The agreement with UA, the details of which are still being negotiated, would allow Stillman students completing degrees in STEM fields to take a STEM Business Honors course at UA during their senior years. Under the agreement, students would complete bachelor’s degrees at Stillman, take online courses in the summer after graduation at Stillman and then complete the final business courses at UA during the fall and spring semesters of their fifth years, Millet said. The program would combine scientific expertise with business acumen.

Millet also noted previously announced plans that, during the next couple of years, the college will add three new majors and resurrect a fourth that had been discontinued. Stillman will add environmental science, criminal justice and music business and bring back chemistry.

The college is also considering a special education degree and a master’s degree in education, he said.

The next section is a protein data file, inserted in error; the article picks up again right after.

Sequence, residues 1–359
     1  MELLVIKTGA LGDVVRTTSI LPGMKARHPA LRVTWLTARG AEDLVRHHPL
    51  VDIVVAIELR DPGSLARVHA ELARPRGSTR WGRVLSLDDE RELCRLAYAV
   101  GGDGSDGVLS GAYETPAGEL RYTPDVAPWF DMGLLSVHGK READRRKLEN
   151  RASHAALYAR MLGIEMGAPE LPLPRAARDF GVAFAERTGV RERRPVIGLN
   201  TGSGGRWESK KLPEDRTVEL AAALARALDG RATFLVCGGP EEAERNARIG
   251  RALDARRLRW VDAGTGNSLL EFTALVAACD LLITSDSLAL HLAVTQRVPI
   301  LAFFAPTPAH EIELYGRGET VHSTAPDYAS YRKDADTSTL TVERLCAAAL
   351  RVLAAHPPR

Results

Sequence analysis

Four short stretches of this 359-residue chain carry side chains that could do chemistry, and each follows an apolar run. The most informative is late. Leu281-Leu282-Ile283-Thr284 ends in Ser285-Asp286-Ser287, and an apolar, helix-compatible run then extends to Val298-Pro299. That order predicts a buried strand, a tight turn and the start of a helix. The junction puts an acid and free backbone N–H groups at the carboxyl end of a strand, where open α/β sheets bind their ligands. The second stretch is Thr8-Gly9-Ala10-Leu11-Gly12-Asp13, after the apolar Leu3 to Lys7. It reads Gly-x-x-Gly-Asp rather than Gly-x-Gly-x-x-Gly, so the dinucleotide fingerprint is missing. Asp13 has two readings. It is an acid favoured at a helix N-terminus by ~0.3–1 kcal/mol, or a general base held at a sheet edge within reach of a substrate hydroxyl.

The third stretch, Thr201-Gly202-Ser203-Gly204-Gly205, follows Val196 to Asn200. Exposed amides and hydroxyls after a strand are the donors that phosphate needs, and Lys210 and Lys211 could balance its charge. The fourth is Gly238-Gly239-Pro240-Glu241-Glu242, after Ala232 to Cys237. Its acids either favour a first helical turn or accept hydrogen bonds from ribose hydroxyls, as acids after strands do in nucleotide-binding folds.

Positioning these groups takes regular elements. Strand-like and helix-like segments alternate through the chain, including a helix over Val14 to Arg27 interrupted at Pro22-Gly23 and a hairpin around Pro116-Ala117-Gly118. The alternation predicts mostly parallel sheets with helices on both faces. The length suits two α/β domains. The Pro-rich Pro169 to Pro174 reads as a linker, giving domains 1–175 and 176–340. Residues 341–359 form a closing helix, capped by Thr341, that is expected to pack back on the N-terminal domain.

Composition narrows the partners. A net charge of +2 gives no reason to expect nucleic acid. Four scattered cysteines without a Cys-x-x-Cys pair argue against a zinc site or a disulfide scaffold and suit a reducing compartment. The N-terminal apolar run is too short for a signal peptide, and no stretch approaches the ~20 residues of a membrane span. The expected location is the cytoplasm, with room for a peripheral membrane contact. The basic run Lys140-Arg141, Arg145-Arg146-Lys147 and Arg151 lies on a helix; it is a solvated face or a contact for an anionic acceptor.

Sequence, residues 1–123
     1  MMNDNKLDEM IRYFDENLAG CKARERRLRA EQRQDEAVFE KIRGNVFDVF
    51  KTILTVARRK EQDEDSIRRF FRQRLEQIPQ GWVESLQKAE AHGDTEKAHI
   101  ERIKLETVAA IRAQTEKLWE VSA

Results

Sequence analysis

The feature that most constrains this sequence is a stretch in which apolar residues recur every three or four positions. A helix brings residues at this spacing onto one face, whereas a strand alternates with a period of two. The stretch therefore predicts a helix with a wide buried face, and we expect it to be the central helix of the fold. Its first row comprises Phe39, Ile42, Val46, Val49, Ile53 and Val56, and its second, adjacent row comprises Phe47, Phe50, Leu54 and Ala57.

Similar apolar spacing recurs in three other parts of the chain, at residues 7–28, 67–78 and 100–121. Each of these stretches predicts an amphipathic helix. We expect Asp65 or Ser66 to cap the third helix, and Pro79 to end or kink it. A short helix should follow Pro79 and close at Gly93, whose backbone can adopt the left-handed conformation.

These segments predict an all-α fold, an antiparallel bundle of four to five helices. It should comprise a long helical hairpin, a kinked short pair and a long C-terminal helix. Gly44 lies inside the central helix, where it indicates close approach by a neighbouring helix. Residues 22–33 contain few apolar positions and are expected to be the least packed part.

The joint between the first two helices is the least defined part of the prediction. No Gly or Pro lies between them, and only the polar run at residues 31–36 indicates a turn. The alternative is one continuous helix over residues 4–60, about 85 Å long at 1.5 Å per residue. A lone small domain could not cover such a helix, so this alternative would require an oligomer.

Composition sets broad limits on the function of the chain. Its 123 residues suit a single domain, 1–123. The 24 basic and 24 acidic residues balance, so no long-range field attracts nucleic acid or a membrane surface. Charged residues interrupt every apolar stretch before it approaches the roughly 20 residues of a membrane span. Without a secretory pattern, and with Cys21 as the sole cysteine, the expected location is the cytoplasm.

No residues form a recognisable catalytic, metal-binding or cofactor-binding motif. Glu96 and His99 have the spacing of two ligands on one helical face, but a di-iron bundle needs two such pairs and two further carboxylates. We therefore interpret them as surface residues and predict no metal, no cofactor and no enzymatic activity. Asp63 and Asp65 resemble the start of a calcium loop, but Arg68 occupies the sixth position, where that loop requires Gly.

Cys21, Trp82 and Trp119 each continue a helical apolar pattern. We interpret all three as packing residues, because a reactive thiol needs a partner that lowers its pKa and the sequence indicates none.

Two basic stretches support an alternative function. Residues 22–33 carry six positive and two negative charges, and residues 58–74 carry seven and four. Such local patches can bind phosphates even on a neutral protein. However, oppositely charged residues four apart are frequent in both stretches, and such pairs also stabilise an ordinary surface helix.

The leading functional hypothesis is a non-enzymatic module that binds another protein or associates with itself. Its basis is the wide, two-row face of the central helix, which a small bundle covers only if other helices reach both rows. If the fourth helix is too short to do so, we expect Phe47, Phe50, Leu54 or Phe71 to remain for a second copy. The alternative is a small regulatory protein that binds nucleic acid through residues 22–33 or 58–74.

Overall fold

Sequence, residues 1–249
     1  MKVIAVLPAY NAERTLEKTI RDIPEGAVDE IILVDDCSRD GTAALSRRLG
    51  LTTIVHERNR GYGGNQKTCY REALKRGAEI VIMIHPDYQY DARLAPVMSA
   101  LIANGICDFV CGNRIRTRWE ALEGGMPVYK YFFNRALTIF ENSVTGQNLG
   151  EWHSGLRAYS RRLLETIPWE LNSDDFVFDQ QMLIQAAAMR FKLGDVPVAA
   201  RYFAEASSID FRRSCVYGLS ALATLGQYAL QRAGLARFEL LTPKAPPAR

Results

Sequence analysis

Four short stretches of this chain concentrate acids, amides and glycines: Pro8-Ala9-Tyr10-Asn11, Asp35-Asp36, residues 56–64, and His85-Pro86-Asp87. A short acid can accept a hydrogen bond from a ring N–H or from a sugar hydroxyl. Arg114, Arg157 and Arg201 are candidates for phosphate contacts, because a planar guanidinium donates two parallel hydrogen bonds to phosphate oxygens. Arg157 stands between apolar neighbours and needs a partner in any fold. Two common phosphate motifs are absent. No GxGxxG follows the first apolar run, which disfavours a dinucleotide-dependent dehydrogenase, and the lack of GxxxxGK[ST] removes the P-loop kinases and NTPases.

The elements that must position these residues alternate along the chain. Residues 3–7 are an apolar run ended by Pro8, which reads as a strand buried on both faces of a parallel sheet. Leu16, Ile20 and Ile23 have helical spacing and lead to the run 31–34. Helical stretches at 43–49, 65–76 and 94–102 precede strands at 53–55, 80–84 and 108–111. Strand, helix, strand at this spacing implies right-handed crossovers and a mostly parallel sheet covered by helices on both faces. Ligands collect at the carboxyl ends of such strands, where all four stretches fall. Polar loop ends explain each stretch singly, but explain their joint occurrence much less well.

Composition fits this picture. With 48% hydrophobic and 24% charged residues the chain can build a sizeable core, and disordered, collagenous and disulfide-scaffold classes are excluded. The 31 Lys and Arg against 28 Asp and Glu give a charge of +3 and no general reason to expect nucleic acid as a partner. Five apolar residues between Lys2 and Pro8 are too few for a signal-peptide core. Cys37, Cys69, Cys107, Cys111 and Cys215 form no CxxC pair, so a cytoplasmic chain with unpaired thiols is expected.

The private college is also looking at ways of reaching out to different groups of potential students, including military personnel and Hispanics, Millet said, noting increasing enrollment remains a perennial concern for an institution depending primarily on income from tuition.

Millet said he hopes to make Stillman a military-friendly campus, with service personnel being able to attend at a discounted rate. Stillman would enjoy earning a military-friendly designation, but the label is not the motivation for the move, Millet said.

Millet also hopes to become a Hispanic-friendly campus, noting the growth of the minority group.

Millet also has aspirations to reach out to people who are incarcerated, potentially with distance education options.

“We think educating them is going to be good for the country and the community,” Millet said.

The college also plans to roll out a summer bridge program this year offering math and English courses, tutoring and other support to students planning to attend Stillman who come close to the meeting the admission requirements but fall short.

“Some students will be wonderful college students, but they didn’t perform in high school,” he said. “We think it is important to give people a chance.”

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Information from: The Tuscaloosa News